Oscar Wilde quipped that a cynic was someone who "knows the price of everything and the value of nothing." The phrase has also been used to jibe the accounting profession. Sadly, though, it is a problem that is endemic in human nature. We all, to greater and lesser extents, suffer from it. This forum has long advocated awareness of costs, so as not to overspend and undersave. Yet that can be taken too far, as one reader poignantly commented in recounting the ultimate futility of his parents' penny-pinching (they died young). I agree with this perspective and made essentially the same point, prior to the comment, in yesterday's post.
So with the awareness that there are situations in which one should spend, we return to the subject of economizing based on an article on today's SA by Adam Hoffman, CFA, in which he notes that $1,000 saved annually, and left to compound at a 3% rate for 30 years, increases to a sum of $49,000. I think we can reconcile the two impulses - spending and saving - by suggesting that investors shower themselves with brotherly love and purchase for themselves a gift of $49,000 starting 30 years hence (though paid for each year starting now).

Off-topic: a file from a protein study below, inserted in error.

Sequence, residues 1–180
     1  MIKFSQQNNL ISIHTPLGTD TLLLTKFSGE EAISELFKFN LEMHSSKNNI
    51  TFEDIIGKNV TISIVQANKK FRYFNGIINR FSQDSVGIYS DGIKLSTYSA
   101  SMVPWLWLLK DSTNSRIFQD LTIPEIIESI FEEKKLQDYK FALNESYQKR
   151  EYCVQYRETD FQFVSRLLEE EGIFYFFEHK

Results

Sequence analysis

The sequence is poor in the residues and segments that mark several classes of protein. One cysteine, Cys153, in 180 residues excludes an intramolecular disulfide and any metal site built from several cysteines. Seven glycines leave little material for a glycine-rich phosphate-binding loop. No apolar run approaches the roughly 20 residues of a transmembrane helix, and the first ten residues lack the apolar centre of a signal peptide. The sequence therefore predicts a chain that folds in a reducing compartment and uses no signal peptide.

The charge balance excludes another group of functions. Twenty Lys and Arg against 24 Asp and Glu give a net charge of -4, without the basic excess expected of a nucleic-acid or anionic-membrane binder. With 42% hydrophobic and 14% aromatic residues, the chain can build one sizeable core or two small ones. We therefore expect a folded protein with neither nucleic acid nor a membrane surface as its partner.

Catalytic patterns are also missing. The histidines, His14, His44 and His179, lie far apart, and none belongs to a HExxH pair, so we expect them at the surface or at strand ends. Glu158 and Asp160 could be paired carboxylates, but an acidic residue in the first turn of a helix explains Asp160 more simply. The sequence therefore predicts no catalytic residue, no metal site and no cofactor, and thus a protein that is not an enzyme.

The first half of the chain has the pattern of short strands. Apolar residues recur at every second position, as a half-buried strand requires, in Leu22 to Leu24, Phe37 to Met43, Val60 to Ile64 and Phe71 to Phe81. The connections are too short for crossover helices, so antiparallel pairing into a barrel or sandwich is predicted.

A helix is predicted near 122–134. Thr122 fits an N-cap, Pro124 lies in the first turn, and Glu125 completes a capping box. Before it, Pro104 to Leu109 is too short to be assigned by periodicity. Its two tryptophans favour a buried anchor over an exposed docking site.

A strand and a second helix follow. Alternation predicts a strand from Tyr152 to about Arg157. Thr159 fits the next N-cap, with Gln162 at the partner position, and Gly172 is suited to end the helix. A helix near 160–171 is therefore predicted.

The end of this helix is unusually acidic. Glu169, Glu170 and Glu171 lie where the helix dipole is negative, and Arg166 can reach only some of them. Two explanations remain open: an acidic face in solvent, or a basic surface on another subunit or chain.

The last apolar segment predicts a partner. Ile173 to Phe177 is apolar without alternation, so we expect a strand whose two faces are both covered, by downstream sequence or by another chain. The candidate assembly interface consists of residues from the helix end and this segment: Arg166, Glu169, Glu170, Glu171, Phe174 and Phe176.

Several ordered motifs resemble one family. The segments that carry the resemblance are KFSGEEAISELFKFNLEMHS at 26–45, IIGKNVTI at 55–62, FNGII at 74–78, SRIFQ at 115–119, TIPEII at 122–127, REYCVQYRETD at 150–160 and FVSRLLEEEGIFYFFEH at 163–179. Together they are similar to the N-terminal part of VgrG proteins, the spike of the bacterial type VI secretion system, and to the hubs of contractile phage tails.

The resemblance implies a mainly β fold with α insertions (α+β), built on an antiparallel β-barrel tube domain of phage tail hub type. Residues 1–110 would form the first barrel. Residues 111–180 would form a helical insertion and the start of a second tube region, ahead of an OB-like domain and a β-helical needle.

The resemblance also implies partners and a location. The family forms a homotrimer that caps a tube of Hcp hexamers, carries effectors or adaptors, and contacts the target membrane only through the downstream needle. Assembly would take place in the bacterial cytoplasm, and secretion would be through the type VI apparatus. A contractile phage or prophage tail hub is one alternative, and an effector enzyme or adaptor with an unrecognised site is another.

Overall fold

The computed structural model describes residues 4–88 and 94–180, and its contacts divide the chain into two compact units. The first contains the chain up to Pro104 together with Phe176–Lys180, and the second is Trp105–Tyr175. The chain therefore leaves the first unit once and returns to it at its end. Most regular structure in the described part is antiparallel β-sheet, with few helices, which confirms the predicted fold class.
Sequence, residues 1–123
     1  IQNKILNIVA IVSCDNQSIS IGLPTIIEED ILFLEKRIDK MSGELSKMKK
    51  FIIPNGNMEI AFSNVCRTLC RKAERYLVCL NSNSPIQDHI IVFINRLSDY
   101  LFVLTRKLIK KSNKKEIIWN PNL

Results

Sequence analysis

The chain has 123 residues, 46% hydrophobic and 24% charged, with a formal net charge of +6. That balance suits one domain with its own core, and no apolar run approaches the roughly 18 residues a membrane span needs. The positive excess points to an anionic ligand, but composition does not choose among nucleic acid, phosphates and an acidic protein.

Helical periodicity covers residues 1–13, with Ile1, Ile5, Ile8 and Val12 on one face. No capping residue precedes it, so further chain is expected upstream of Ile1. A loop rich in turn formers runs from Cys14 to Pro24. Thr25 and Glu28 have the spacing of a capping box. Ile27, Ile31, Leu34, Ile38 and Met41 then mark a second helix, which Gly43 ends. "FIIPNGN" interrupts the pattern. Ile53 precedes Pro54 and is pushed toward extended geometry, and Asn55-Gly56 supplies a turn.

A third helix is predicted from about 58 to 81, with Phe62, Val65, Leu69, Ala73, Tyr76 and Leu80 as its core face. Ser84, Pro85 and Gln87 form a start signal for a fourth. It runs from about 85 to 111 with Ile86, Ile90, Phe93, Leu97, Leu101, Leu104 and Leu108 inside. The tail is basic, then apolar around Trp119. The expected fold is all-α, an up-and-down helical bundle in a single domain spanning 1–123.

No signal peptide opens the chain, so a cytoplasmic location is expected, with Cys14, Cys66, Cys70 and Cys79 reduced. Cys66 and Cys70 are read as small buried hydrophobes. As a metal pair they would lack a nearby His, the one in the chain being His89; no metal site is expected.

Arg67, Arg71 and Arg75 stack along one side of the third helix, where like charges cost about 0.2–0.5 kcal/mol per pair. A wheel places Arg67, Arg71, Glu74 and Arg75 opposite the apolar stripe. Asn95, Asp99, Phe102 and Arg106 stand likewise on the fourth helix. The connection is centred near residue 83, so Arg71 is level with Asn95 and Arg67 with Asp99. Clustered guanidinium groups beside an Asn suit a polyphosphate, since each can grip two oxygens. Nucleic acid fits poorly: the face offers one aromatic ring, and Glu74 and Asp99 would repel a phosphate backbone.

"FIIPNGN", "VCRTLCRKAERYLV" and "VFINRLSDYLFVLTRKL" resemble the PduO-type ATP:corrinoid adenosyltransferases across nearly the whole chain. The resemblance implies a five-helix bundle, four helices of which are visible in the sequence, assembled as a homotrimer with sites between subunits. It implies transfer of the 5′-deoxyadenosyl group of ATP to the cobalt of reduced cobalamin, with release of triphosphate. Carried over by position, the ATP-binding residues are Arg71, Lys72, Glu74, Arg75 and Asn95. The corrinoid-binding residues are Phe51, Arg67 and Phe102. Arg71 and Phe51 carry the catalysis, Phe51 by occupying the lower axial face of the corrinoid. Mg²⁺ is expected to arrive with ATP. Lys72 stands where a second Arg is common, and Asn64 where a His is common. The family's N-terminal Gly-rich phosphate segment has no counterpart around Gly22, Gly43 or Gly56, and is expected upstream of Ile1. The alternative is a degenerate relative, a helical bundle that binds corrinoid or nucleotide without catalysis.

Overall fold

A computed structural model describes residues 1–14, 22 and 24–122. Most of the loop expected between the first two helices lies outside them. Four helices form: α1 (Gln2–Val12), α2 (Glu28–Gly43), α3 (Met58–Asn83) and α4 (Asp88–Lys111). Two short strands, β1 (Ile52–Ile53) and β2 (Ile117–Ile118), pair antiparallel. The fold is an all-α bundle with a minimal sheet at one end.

Hoffman's article offers many ideas for minimizing investment costs, and to his immense credit, the professional financial advisor intelligently subjects the acquisition of professional financial services to the same sort of analysis, noting that "a good or service should be purchased if its value exceeds its cost." He dispassionately explains how one might determine if hiring an advisor is worthwhile, understanding that for some the answer will be yes and for others no. Read the entire article here and sign up for his feed.
Please share your thoughts in the comments section. Here are today's other advisor-related links:
- Evan Powers hones in on the problem with "safe" retirement withdrawal rates.
- Jeff Miller's crew of trading characters look to energy for the long term and finance and software for short-term trades.
- Rob Marstrand created a unique chart highlighting how expensive the S&P 500 is.
- John Mauldin arrives at a similar conclusion.
- For more content geared to FAs, visit the Financial Advisor Center, sponsored by Franklin LibertyShares ETFs.